Puyallup - Homegrown Tools

Puyallup, WA

Updated: 2022

Through the Winter Ready Funds Program, the City of Puyallup awards one-time $5,000 grants (a total of $150,000) to eligible local restaurant and retail businesses for purchasing equipment and making other necessary adjustments to be able to serve customers outdoors during the pandemic restrictions.

Median Household Income2020$76,565
Poverty Rate 20206.1%
Proximity to Urban Center 10 miles to Tacoma, WA
Proximity to Interstate Highway 5 miles to I-5
Case Study Time Frame 2020
Municipal Budget FY2019113.4 million
Data Source: US Census, American Community Survey
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The City of Puyallup is a commuter city in the Puget Sound region of Washington. Puyallup’s economy relies heavily on the retail, restaurant, and visitor services industry of its commercial district, anchored by South Hill Mall, and its historic downtown. The unique nature of the COVID-19 pandemic and the indoor capacity restrictions negatively impacted local businesses. To allow for retail and restaurant businesses to operate according to public health guidelines, the City created a grant to support businesses’ efforts to prepare for the colder winter temperatures and continue to provide services outdoors.



In developing the program the City was particularly concerned about small, locally owned, and local franchise businesses in the downtown area to ensure that they remained viable. Only locally owned businesses, local franchises, and for-profit businesses qualified. The program was administered through the Washington State Department of Commerce’s Local Government Coronavirus Relief Fund.


What are the lessons learned from this story?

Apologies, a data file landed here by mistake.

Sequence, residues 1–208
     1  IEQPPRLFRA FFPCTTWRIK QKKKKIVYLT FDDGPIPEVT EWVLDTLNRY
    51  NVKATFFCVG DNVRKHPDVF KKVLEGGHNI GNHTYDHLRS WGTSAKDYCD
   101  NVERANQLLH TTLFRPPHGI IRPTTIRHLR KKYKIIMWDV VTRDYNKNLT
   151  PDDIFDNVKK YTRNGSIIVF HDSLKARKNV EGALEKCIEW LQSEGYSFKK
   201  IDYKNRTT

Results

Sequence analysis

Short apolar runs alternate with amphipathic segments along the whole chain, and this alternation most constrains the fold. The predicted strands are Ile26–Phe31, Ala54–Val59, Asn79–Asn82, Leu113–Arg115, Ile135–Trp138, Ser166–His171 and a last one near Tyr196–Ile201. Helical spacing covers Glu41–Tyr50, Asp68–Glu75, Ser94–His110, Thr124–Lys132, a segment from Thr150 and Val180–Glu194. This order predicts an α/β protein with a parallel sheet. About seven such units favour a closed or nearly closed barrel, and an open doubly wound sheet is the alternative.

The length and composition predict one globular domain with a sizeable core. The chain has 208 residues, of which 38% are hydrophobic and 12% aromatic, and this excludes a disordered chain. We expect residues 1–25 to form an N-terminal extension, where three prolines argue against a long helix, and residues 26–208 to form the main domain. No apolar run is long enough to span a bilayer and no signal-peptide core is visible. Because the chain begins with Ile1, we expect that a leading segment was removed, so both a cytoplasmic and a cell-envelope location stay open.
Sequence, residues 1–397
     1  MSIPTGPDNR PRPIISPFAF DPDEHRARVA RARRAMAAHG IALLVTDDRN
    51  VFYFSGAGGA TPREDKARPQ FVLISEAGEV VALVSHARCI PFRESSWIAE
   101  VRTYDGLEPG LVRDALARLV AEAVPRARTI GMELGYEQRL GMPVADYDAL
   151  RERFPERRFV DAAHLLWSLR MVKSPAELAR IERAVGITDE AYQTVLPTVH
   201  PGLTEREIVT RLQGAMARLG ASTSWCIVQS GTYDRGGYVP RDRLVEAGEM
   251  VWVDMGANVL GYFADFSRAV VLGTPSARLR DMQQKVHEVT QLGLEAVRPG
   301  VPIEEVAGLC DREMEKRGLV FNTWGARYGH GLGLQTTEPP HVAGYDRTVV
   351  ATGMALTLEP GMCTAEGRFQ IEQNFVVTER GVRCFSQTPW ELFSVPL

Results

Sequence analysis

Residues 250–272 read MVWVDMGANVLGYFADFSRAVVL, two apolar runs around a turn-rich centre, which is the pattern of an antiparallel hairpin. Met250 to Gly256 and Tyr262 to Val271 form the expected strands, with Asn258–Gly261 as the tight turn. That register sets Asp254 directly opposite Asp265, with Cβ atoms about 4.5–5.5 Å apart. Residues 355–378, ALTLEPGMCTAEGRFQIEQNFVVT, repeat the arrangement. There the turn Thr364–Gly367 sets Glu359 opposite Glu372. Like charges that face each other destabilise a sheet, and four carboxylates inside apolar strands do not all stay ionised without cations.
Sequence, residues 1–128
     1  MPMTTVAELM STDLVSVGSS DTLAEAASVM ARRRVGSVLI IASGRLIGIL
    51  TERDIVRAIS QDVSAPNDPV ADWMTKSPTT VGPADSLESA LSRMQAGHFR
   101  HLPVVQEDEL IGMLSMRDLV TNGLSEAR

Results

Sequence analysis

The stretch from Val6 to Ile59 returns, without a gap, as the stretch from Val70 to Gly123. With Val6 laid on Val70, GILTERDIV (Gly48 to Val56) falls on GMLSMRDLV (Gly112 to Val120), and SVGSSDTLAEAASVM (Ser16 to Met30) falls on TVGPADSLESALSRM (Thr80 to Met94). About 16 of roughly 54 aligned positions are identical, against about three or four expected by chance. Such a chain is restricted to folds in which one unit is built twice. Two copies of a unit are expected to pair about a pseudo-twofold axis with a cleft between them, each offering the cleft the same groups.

Relationship building between local governments and local business owners is key. The City was always ready to pivot in-real time according to the needs of the local business owners as directly expressed. Without this type of communication, it would have been difficult to understand the unique needs of each business and develop a program with as much flexibility as the Winter Ready Funds Program. Similarly, local business owners felt comfortable phoning the economic development manager to relate that the application process was too difficult and ask if a certain equipment purchase or construction would fall under the grant requirements. This type of relationship ensures maximum economic benefit from this type of grant program.


Local economies benefit from collaboration among local government departments. The close working relationships between different City government departments allowed for quick, coordinated pivots. As the zoning regulations relaxed, the traffic engineers developed solutions to potential zoning problems, and the fire marshal communicated with the economic development manager and business owners about potential fire hazards and solutions. This seamless collaboration allowed for an effective and comprehensive set of solutions for economic recovery